Kazi Nafia Rahman, bdnews24.com
Published: 2021-09-08 12:15:16 BdST
Closed since March last year, schools and colleges have been covered in thick layers of dust, while grasses have grown long on the playgrounds.
Besides telling them to clean up and take steps to ensure hygiene, the government has ordered the institutions to keep handheld thermometers and hand sanitisers or hand-washing spots at the ready.
Some schools are also preparing new routines. Students of Class Five and SSC and HSC candidates will return to regular classes, while the others will get in-person classes once a week. Online classes will continue in the rest of the days.
But the gate of Shaheedbagh Government Primary School in Pallabi was closed four days before the reopening, with garages for autorickshaws, rickshaws and cars set up on both sides of the entrance.
Dust covered the classrooms and brickbats gathered outside the library. An overturned table was also there. Stagnant water was seen in potholes in the playground.
A group of young men were hanging out in the field. Some students said the youths regularly visit the school to do drugs.
Moni, a student of Class III, who gave a single name, said they often visit the school to submit answer sheets. The classrooms and the toilets have not been cleaned, he said.
“We'd cleared the field earlier. Dengue mosquito will grow in stagnant water.”
“Boys smoke marijuana in the field and make it dirty. School is reopening. How'll we return to classes in such a dirty environment?”
Mirpur Girls’ Ideal Laboratory Institute and Adarsha High School at Section-10 had garbage in the fields.
Amina Rashid, head of the morning shift at the girls’ school, said they have washed the classrooms once and do it again. They would also arrange thermometer, hand sanitiser and hand-washing spots, she said.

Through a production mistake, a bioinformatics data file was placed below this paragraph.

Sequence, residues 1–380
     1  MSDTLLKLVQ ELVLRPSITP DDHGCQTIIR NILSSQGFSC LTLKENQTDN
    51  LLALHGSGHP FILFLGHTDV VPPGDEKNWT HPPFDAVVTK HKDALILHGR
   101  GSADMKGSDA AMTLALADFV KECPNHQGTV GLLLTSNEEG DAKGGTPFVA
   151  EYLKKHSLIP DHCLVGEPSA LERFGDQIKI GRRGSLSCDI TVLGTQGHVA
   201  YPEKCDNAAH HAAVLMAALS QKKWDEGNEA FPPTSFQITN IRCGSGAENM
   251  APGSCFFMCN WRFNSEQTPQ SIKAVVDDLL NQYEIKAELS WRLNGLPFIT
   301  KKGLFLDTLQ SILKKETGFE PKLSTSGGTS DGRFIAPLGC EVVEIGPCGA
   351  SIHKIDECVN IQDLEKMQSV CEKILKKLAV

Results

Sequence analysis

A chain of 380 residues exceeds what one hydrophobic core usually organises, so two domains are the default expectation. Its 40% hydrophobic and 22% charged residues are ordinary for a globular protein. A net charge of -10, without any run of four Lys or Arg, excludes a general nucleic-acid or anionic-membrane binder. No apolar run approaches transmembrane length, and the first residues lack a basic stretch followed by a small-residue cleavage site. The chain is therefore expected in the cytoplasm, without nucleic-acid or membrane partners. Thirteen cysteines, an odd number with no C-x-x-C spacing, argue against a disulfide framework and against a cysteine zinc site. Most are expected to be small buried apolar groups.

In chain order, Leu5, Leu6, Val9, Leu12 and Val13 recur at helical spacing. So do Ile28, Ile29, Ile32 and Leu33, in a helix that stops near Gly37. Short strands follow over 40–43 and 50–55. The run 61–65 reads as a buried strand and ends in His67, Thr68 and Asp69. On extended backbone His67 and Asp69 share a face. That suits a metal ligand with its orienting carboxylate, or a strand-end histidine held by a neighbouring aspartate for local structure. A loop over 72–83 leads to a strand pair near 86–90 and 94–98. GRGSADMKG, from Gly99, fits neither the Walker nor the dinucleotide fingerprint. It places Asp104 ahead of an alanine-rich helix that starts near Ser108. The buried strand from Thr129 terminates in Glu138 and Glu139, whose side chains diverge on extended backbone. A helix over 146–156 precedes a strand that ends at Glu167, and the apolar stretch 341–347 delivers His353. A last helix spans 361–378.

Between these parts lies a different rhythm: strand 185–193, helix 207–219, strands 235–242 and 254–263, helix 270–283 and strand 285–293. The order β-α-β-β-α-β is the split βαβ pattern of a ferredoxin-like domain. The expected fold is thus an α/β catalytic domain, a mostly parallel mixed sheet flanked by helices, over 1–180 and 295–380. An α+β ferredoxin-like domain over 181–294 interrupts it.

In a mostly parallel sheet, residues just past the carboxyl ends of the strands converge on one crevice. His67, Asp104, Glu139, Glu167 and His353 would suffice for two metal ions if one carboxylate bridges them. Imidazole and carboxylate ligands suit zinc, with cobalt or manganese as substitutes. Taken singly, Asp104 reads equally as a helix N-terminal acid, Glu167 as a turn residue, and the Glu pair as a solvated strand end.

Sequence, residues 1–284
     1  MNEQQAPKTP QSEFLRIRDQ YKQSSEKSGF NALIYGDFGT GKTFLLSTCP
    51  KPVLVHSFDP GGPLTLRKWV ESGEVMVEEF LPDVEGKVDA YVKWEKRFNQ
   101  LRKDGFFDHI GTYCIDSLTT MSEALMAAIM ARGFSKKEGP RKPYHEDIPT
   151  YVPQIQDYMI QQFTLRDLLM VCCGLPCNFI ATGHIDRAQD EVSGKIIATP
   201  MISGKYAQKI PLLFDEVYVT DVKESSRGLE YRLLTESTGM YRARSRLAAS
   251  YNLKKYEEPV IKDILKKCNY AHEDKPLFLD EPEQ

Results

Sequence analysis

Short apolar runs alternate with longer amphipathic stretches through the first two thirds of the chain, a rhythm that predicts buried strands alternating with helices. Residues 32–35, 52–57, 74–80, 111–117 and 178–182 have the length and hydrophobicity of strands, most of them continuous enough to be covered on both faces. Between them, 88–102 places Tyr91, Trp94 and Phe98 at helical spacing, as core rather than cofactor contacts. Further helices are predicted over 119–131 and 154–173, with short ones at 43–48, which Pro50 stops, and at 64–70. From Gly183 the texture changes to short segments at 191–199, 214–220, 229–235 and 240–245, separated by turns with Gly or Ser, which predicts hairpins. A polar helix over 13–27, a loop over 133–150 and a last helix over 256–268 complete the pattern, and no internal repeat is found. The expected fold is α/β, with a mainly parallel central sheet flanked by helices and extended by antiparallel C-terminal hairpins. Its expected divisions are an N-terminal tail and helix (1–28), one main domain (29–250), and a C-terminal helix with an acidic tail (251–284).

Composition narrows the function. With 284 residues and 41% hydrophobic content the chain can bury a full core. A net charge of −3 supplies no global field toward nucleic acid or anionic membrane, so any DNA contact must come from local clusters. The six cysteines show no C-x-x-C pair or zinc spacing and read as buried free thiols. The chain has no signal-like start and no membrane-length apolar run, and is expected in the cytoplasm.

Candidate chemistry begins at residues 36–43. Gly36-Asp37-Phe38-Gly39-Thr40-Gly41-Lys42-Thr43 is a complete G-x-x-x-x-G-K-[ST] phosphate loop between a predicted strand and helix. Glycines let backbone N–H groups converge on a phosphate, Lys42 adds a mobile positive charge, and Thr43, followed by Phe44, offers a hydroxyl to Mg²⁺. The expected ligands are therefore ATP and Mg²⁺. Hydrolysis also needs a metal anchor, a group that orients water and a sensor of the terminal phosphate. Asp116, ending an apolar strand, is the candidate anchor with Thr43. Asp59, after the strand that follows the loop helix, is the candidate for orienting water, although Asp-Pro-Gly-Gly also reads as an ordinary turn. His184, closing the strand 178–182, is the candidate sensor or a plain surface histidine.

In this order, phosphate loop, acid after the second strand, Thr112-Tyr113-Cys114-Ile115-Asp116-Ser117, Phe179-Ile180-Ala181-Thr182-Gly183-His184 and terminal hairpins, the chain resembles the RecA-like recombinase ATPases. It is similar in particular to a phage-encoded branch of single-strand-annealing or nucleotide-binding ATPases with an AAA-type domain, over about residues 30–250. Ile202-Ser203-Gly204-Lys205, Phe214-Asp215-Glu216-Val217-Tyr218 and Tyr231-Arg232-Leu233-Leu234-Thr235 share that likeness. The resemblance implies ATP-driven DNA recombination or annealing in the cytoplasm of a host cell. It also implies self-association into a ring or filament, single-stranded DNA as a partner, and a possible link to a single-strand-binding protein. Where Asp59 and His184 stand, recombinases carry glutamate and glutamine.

“We'll make seating plans in line with the routine in meetings with the teachers. Parents will be asked to send food from home because the children will not be allowed to have food from outside.”
In one of the classrooms at Adarsha High School, benches were stacked on top of one another. The school has no separate space for hand-washing.
“We'll disinfect the entire school before the reopening,” said Noore Alam, headmaster of the school.
“We’ve drawn up the routines. Online classes will also continue. What'll the students, who've classes once a week, will do? And many parents won’t send their children.”
The school has two thermometers and it is planning to buy more.
Abu Sayeed Bhuiyan, the headmaster of Government Laboratory High School, said they will also keep online classes going along with in-person learning.
“We kept the school clean due to the spread of dengue fever. As part of additional preparations, we're keeping sinks, soap and water at the gate to facilitate hand-washing.”
MDC Model Institute at Mirpur Section-12 has set up hand-washing spots at its entrances. Workers were cutting grasses in the field with mowers.
“We're disinfecting the classrooms. The labs are also being prepared,” said Headteacher Anwar Hossain. “We’ve also bought thermometers. The students will wash their hands after having their temperature checked. We'll keep masks at the gates so that they can wear if they forget to bring one.”
To avoid gathering, he said, one class of students will be allowed to enter every half an hour.
He believes the school will not face a problem in complying with the health rules in holding in-person classes in phases.
Most of the teachers and staffers have been vaccinated. Some aged between 25 and 30 have registered but have not been called for the inoculation.
Hamida Ali, principal of South Point School and College, said they were setting up hand-washing spots.
“We must keep the children well. Then we can think about study. We'll give the necessary instructions to the students in the classes. We'll do our best. Parents also need to be conscious.”
She advised parents to provide the children with hand sanitiser.